A Thorne–Żytkow object is formed when a neutron star collides with a star, typically a red giant or supergiant. The colliding objects can simply be wandering stars. This is only likely to occur in extremely crowded globular clusters. Alternatively, the neutron star could form in a binary system after one of the two stars went supernova. Because no supernova is perfectly symmetric, and because the binding energy of the binary changes with the mass lost in the supernova, the neutron star will be left with some velocity relative to its original orbit.
This kick may cause its new orbit to intersect with its companion, or, if its companion is a main-sequence star, it may be engulfed when its companion evolves into a red giant.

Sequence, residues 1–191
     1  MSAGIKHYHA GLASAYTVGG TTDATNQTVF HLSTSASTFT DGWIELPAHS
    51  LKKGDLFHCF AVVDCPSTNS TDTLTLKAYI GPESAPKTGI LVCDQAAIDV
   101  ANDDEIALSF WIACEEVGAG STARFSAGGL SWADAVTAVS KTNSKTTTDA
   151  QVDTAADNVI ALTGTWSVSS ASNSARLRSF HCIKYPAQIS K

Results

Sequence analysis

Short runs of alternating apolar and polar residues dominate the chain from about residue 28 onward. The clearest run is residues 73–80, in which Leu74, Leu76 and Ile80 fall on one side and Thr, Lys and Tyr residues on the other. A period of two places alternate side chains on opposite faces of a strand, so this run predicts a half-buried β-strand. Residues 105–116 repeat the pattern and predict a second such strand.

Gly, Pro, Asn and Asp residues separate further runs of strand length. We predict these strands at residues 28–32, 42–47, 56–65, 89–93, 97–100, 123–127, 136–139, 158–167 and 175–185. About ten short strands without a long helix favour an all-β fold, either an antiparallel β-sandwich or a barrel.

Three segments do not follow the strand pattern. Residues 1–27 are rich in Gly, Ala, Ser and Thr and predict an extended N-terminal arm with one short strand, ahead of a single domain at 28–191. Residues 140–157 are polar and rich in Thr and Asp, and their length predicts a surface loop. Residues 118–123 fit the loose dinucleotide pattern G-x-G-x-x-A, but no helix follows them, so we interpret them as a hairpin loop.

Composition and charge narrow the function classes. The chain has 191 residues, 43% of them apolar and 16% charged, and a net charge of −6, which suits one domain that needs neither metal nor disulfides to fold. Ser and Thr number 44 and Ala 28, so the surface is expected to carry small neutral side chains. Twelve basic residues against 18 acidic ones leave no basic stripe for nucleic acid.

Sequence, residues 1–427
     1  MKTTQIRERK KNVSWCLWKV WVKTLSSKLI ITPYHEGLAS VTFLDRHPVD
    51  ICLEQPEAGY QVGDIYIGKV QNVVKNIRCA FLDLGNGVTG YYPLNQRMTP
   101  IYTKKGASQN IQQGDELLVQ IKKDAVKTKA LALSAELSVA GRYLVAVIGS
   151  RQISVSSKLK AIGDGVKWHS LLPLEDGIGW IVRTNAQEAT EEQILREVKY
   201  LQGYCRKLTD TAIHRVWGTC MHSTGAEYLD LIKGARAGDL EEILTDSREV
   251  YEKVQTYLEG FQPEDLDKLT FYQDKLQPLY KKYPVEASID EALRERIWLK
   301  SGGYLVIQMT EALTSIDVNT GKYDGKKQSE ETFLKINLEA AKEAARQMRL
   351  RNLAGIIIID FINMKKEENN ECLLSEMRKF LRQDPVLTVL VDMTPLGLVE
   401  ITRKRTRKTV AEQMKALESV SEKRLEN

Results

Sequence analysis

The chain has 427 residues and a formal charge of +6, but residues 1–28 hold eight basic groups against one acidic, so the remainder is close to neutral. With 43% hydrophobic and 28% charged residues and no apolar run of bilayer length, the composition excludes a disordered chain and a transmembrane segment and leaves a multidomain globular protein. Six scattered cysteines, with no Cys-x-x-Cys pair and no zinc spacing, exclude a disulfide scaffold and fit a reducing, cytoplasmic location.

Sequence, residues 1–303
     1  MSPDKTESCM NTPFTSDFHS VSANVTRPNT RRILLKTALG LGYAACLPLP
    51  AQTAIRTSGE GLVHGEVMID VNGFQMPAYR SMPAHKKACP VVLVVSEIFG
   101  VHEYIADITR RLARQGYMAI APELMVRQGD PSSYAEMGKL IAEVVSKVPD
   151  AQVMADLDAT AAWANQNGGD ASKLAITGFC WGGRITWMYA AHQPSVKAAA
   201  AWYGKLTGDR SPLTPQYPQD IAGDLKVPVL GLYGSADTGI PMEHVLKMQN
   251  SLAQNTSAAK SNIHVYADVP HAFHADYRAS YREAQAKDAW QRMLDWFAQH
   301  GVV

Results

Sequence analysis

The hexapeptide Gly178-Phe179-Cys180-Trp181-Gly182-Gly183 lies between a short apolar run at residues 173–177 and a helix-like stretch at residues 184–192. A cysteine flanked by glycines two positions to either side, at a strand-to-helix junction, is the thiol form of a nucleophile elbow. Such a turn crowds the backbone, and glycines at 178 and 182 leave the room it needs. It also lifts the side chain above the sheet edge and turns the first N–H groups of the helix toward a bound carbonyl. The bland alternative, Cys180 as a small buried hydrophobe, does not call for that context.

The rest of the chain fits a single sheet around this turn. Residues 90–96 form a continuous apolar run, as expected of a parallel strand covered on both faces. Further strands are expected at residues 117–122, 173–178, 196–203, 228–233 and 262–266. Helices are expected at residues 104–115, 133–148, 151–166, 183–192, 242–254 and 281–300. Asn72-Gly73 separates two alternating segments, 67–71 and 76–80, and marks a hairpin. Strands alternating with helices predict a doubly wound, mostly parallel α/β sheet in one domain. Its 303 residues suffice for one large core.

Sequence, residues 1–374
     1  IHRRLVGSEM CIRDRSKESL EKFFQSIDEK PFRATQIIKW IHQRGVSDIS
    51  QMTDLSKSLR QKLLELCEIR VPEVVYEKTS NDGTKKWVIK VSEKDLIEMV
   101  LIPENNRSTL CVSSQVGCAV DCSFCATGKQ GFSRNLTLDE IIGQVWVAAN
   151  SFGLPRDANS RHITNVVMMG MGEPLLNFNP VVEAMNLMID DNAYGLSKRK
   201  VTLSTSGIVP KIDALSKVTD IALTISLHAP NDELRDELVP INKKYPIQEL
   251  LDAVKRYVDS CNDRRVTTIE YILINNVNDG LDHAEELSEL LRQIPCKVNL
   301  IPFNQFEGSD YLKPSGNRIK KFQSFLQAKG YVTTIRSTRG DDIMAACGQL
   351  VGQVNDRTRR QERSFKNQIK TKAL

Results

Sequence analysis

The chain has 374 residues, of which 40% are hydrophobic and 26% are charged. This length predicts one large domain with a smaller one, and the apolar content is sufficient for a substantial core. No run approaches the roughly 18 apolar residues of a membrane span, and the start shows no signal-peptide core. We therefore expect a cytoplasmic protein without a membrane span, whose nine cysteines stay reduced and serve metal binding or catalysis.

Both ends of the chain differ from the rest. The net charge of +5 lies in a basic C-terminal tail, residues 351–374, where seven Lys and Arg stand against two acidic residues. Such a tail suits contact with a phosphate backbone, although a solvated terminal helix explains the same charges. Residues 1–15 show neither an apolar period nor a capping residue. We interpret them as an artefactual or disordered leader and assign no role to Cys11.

Once the neutron star enters the red giant, drag between the neutron star and the outer, diffuse layers of the red giant causes the binary star system’s orbit to decay, and the neutron star and core of the red giant spiral inward toward one another. Depending on their initial separation, this process may take hundreds of years. The surface of the neutron star is very hot, with temperatures exceeding 109 K: hotter than the cores of all but the most massive stars. This heat is dominated either by nuclear fusion in the accreting gas or by compression of the gas by the neutron star’s gravity. Because of the high temperature, unusual nuclear processes may take place as the envelope of the red giant falls onto the neutron star’s surface.